Cheryl Gerber for NPR
The Scenic Trails trailer park in Perkinston, Miss., is home to more than 100 families displaced by Hurricane Katrina.
The Scenic Trails trailer park in Perkinston, Miss., is home to more than 100 families displaced by Hurricane Katrina. Cheryl Gerber for NPR
Cheryl Gerber for NPR
Joey Noles built a big dog house outside of his FEMA trailer at Scenic Trails, where he has lived since Hurricane Katrina hit nearly two years ago.
Joey Noles built a big dog house outside of his FEMA trailer at Scenic Trails, where he has lived since Hurricane Katrina hit nearly two years ago. Cheryl Gerber for NPR
The first morning of my visit to Scenic Trails, I was walking the path between some trailers when I bumped into a man named Tim Szepek. He was young, tall, and solidly good-looking. I asked if I could speak to him for a moment and he agreed. We found a spot of shade beneath a tree, and I started with what I considered a casual warm-up.
"What's it like to live around here?" I asked.
"Well," he replied, "I'll be honest."
"Ain't a day goes by when I don't think about killing myself."
And so began my time in Scenic Trails, a FEMA trailer park deep in the Mississippi woods where 100 families have lived in near isolation for close to two years.
Though Szepek was the first resident to tell me he wanted to commit suicide, he certainly wasn't the last. The day I spoke with him, three other residents confided the same.
The second person was Stephanie Sigur, a 28-year-old mother of two. She was sitting in front of her trailer at a picnic table, her daughter on her lap, when she explained that if it weren't a sin, she would have blown her brains out months ago.
"I know it's a bad thing to say because I'm a parent," she told me as her toddler played with her hair, "but I can't live like this no more."
Stephanie Sigur and Tim Szepek aren't alone. According to a recent study of 92 different Katrina FEMA parks published in the Annals of Emergency Medicine, suicide attempts in Louisiana and Mississippi's parks are 79 times higher than the national average. Major depression is seven times the national rate.
When I first read those numbers, I found them hard to believe. But after three days at Scenic Trails, they made a lot more sense.
The residents there, in essence, are trapped. It is no longer possible for them to live outside the trailer parks. Prior to Katrina, most of the people who now live in the parks were renters.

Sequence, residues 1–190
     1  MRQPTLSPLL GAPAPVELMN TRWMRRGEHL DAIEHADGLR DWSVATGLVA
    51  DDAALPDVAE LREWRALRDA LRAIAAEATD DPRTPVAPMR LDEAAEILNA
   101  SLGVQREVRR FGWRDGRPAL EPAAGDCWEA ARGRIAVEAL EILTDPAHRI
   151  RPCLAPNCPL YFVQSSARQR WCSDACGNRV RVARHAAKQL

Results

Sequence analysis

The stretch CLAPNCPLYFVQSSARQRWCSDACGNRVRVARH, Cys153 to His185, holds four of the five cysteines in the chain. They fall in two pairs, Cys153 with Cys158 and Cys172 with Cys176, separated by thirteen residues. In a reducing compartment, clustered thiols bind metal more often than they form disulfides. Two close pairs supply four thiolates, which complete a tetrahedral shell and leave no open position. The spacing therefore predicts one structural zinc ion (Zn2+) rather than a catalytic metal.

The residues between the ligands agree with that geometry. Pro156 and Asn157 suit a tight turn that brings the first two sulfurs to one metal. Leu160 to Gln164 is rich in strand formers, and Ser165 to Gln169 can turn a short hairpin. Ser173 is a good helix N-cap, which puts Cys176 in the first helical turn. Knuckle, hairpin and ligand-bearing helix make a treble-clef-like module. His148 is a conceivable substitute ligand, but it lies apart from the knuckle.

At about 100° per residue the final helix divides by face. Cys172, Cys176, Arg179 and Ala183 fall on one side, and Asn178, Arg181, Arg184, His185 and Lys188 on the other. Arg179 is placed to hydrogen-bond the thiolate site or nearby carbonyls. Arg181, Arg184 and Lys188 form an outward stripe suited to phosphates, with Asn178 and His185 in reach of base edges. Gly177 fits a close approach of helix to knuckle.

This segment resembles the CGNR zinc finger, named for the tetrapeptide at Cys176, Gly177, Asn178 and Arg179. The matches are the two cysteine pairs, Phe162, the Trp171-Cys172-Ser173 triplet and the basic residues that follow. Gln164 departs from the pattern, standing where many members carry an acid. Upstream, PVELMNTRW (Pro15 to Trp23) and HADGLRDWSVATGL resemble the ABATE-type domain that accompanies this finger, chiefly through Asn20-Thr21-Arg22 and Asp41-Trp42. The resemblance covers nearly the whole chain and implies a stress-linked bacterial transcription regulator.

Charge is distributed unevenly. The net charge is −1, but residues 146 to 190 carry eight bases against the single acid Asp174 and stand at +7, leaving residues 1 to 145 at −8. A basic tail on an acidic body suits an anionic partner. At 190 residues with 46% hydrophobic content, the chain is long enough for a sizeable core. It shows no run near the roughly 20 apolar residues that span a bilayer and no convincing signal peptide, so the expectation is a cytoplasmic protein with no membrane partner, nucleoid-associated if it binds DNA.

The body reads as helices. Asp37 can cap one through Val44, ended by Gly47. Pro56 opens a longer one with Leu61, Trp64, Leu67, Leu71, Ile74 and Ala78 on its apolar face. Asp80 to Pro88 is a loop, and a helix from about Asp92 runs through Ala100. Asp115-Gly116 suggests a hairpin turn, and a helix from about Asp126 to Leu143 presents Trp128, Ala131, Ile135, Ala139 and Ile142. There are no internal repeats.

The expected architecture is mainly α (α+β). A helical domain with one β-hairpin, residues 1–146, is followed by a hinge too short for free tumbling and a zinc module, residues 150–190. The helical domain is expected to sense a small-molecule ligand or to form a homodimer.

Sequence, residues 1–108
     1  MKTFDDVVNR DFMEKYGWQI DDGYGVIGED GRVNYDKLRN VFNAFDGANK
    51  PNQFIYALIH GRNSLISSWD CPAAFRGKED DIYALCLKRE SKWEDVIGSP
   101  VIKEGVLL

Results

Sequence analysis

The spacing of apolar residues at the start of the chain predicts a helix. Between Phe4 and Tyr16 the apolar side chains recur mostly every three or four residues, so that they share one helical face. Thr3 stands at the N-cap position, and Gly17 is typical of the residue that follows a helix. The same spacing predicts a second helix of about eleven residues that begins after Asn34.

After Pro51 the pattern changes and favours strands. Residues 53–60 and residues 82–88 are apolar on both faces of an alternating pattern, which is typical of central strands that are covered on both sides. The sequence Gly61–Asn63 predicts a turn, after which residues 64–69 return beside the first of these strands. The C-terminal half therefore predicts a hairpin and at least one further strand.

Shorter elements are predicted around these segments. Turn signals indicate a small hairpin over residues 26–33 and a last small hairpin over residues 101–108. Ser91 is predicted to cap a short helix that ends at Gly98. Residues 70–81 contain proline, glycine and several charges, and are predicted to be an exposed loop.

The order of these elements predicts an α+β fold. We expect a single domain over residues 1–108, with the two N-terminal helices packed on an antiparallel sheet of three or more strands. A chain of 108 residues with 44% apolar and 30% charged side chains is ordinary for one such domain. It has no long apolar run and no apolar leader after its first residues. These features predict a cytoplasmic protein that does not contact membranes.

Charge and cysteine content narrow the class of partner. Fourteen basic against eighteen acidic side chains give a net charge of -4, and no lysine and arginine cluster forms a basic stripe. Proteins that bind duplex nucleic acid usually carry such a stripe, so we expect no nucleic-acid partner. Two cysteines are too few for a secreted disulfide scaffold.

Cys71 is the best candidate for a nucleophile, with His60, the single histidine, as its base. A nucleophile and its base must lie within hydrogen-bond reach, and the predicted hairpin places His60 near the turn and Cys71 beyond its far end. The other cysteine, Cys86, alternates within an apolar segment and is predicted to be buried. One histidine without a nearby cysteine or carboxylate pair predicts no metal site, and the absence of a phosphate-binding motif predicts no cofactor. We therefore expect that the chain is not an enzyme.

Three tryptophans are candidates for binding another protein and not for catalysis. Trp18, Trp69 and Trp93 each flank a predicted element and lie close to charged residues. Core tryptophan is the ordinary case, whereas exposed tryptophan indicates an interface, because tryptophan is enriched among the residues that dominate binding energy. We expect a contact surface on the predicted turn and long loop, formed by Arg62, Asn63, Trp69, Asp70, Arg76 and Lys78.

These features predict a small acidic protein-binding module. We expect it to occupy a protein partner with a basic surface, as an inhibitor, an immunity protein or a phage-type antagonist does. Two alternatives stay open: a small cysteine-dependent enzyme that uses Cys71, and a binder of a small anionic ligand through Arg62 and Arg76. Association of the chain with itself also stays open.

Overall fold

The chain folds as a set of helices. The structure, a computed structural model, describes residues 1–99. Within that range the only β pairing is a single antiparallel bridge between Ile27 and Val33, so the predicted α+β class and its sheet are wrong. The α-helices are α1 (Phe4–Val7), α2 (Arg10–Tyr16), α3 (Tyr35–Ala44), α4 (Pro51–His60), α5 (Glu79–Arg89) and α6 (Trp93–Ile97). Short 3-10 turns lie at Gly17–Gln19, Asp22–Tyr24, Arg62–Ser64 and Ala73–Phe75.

Along the Mississippi coast, a family of four could rent a two- or three-bedroom apartment or small home for around $500 a month. But when the storm wiped the Mississippi coast clean, it took out all the housing infrastructure that supported these people. Most of them are minimum-wage workers who live paycheck to paycheck. Today, a two- or three-bedroom apartment in Hancock County, where Scenic Trails is located, costs $800, $900, even $1,000 a month. This is an impossible amount of money for the people who live in the parks, and there is no immediate end in sight. FEMA says it would like to close the parks, but state and federal government plans to rebuild low-income housing for Mississippi coast residents have yet to break ground. Housing experts says it will probably take years to produce enough low-cost housing to move people out of the parks.
And so they are stuck. And the place they are stuck is not the kind of place you would want to spend an extended amount of time. For two years, many have lived in travel trailers intended for weekend use. Families of four housed in a space the size of most people's living rooms.
Worse, as time wears on, the communities around them seem to be falling into a kind of madness. At Scenic Trails, almost everyone at the camp has been burglarized at least once. Meth and cocaine addiction is rampant, and residents seem to be turning against one another.
Recently, the park has seen a rash of animal mutilations. One resident told me that her cat had come home bleeding — a long, thin razor cut along its leg. Another resident said his dog's throat had been cut, and several people reported that someone in the camp had been feeding anti-freeze to dogs.
No one seemed to have a particular suspect in mind. There was no specific theory of why. That was just the way things went at the camp nowadays. With no way to leave, people were angry and frustrated, and so they act out.
On the animals. On each other. On themselves.